There has been a litany of great television programs and written words about the late, great Walter Cronkite, and well there should be. He was a hero of mine growing up because he was a journalist’s journalist. But it was later in life that I learned of his generosity when my father died in 2005.
Mr. Cronkite has a summer home on Martha’s Vineyard and my brother-in-law has been the property’s caretaker for years.
Four years ago, this September, my dad, who had retired to the Island with my mom, passed away after an 11-month battle with cancer. Although Mr. Cronkite had never met my father, when my brother-in-law asked if we could use the home for some out-of-town family members, he said, “Absolutely. Whatever you need, just let me know.” The Friday night before the funeral, a small group of family and friends gathered for a dinner at his house — a lovely, yet casual, easy-to-feel-comfortable-in home. Six relatives stayed there for the weekend.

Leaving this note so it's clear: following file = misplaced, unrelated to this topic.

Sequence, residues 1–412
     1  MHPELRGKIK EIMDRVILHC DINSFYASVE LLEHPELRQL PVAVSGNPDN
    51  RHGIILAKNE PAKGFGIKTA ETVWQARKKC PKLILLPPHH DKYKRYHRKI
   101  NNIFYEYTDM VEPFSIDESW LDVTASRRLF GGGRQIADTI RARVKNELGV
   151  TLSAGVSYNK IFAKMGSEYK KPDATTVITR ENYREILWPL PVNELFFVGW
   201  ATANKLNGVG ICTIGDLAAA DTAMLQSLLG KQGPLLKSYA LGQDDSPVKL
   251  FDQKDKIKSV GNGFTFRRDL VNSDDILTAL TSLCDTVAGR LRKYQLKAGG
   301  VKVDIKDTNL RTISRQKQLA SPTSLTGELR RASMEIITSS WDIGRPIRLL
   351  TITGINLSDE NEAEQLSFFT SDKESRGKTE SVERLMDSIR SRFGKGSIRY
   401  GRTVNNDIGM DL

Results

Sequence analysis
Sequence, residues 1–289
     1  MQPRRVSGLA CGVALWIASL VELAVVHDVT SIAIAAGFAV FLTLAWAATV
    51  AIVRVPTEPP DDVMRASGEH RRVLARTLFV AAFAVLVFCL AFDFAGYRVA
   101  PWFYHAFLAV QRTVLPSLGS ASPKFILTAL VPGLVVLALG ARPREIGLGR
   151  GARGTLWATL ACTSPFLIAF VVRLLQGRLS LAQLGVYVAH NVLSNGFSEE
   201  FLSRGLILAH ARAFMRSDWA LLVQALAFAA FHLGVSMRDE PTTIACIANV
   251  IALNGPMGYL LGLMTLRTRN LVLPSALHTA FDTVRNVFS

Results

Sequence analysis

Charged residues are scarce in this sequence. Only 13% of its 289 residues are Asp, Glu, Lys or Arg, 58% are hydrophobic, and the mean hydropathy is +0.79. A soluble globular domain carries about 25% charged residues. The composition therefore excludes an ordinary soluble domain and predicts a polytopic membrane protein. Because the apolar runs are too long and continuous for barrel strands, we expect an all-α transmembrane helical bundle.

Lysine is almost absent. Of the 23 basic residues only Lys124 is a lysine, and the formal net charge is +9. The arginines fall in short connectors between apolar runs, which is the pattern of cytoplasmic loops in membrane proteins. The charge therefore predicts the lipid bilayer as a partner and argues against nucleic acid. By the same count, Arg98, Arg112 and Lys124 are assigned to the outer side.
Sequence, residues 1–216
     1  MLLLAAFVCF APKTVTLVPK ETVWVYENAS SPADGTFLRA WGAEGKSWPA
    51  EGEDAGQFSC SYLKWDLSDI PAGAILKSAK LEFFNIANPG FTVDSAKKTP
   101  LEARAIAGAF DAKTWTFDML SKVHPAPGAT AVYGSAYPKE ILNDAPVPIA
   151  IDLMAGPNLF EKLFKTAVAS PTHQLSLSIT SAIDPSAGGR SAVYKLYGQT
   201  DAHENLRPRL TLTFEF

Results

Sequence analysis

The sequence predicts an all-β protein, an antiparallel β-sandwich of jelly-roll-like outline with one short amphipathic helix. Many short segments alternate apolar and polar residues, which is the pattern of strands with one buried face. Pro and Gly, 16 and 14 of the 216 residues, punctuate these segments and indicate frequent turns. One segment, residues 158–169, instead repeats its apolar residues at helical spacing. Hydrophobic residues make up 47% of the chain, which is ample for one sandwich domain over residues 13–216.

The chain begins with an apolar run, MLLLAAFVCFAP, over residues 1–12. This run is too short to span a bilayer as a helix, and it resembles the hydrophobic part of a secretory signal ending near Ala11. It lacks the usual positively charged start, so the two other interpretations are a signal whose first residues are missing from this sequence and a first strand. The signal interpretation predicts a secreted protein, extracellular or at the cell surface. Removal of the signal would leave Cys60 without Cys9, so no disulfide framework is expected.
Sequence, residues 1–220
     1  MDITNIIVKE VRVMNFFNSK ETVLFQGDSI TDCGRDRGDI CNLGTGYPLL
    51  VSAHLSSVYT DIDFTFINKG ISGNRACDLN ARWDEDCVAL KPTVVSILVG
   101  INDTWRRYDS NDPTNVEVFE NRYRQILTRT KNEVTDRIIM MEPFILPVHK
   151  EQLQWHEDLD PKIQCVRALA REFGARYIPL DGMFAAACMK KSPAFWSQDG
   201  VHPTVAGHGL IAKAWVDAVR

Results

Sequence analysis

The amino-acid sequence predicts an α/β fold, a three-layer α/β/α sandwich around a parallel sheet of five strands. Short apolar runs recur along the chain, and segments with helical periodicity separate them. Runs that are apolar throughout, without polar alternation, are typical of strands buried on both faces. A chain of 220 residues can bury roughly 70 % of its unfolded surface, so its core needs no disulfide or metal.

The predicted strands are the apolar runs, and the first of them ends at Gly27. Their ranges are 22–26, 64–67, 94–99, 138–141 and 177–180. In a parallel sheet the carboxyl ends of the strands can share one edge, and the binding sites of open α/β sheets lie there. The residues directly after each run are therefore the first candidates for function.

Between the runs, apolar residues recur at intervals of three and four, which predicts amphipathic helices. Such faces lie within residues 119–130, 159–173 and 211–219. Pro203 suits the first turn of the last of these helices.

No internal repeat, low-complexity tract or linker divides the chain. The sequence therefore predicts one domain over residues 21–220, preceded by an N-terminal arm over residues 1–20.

I never got to meet Mr. Cronkite, nor thank him for his generosity. Sure we could have somehow made due and gathered elsewhere for a dinner, and perhaps broke out a few more cots, but that’s not the point.
His simple act of kindness for a man he had never met speaks volumes. He contributed something special at a time of loss, which is indeed priceless.
Thank you Walter Cronkite — for everything.